Well, actually, you can. If you have a few packets of seeds, and a little plot of ground that gets plenty of sunshine, then you can grow your own flowers for cutting.
This winter, when you’re looking through all those catalogs (see post “Have You Ordered Your Gardening Catalogs?” http://wp.me/p1OXDF-Ub) and planning your garden, be sure to carve out a space for your cutting garden. I use my whole garden as a cutting garden, but some gardeners like to have a patch set aside just for cutting.
Clear the ground of grass and weeds. Dig and turn the soil to a depth of at least 8 inches. If your soil doesn’t drain well or isn’t fertile enough, add some composted manure (available in bags at Lowe’s: http://www.lowes.com/pd_252970-82589-WGM03204_0__?productId=3083255&Ntt=manure&pl=1¤tURL=%2Fpl__0__s%3FNtt%3Dmanure&facetInfo=) and mix in well. Level out the top of the soil and plant the seeds. You can plant in rows, with the taller plants at the back so they won’t shade the shorter plants, or you can plant in squares or groupings of each kind of flower. To plant annuals, I put the seeds down and sprinkle more soil on top. Tamp down the soil with a hoe to make sure the seeds make good contact with the soil. Keep the area moist (not wet) until the seeds germinate and have a couple of leaves. Then water deeply every 3-4 days. As the plants mature and the roots go deeper, water deeply weekly. Soon you’ll have plenty of flowers to cut for your own use and to share with family and friends. Most annuals improve with cutting because it encourages more blooms.
Some of the flowers listed below are perennials (plants that come up year after year), and can be planted from seeds but many are planted as seedlings, which give them a head start in the garden. Some of the flowers listed below are from bulbs that will come up year after year.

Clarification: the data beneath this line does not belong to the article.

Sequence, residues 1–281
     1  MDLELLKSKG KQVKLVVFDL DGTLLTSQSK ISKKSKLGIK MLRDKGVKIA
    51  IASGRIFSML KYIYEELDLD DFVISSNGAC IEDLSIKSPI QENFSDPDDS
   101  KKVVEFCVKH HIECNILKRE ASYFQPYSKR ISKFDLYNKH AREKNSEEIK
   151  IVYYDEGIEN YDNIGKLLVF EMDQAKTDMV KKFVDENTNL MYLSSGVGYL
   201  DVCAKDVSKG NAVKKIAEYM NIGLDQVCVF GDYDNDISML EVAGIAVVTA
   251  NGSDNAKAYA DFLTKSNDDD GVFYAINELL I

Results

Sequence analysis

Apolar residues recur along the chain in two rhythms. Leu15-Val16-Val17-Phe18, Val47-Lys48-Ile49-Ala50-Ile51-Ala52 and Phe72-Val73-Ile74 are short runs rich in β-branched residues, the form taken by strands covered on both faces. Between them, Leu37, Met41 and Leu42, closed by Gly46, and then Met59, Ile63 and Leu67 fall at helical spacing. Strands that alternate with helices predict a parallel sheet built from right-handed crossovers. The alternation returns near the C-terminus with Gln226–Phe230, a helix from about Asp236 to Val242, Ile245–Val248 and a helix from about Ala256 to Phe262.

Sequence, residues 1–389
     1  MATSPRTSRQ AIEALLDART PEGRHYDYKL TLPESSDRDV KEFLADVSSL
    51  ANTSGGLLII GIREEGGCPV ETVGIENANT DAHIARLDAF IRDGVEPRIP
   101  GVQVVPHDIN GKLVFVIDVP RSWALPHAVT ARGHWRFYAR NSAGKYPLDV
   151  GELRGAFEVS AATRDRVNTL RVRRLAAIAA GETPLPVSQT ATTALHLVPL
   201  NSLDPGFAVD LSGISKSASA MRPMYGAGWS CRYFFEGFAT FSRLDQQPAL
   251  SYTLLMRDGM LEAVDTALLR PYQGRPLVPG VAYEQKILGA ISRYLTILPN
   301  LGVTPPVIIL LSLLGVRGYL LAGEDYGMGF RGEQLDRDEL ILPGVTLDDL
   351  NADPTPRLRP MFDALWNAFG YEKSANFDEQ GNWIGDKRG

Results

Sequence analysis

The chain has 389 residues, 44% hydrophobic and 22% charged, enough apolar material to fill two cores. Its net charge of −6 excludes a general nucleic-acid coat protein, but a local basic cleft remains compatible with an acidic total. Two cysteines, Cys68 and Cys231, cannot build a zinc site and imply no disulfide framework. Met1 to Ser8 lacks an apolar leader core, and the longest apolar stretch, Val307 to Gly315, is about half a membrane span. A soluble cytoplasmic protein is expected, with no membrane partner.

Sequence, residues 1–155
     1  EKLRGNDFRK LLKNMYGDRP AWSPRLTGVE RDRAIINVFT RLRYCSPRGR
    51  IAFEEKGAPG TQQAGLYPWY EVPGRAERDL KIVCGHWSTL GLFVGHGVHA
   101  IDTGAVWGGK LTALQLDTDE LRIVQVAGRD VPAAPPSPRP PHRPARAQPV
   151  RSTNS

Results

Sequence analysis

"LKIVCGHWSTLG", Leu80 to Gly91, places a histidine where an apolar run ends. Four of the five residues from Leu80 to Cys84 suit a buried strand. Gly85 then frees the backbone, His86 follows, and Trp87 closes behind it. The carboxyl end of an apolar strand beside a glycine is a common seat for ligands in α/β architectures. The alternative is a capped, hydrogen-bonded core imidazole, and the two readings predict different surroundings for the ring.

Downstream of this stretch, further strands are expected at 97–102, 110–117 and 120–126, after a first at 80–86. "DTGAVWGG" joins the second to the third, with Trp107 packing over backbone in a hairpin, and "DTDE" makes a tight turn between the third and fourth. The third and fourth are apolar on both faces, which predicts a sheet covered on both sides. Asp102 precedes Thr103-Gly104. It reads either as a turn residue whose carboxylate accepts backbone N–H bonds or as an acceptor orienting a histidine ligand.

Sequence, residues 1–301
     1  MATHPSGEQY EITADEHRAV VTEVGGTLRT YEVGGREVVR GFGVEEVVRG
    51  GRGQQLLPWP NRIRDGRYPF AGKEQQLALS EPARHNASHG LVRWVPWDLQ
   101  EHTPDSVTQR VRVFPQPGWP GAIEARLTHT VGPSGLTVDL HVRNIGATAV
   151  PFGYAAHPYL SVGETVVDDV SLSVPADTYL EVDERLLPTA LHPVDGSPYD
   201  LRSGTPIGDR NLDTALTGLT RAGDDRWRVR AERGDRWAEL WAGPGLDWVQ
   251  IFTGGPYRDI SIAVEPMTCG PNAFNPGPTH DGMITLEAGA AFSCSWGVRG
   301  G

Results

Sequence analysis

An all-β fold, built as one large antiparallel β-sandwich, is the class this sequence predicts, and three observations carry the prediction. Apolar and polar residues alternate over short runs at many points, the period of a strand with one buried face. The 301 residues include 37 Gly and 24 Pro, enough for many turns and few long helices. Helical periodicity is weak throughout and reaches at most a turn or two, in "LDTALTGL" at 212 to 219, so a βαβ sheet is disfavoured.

Some Of My Favorite Cutting Flowers
- Centranthus (Jupiter’s Beard)
- Companula (Canterbury Bells)
- Bachelor Buttons (Corn Flower)
- Scabiosa (Pin Cushion Flower)
- Nicotiana (Flowering Tobacco)
- Rudbekia (Black-eyed Susan)
- Gypsophilia (Babies’ Breath)
- Japanese Anemones
- Bee Balm
- Echinacea (Purple Cone Flower)
- Roses (a shrub, but great for cut flowers)
- Hydrangeas (a shrub, but great for cut flowers)
For more information and pictures of these blooming plants check out these posts:
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In case you don’t know, a perennial is a plant that comes back year after year, getting bigger and more beautiful each year. With perennials it’s sleep, creep, leap. They don’t do much the first year but gather strength. The second year they will began to put on more growth and the third year they take off.
The cooler temperatures have me searching the nursery sites and catalogs for some of my favorite plants. If you plant perennials now they will have a head start in the spring because they will have a stronger root system.
Here is a list of some of the plants in our yard and so I can vouch for their beauty and ease of growing. In my yard it’s survival of the fittest so if they don’t do well they kind of drop by the wayside on their own. There are so many more plants than this but these are some of my favorites.
Pulmonaria (Lungwort) (semi-shade)
Centranthus (Jupiter’s Beard)
Campanula – Canterbury Bells
We’re in zone 6 and so this is what we can have in our yard. I use to live in zone 8 where I could have Angel Trumpets, Crape Myrtle, Plumbago,Hibiscus, Citrus Trees, Palm Trees and Gardenias.
I really do miss the Natchez Crape Myrtles. They were so big and graceful… but I couldn’t have peonies there.
Do you have any favorites in this list?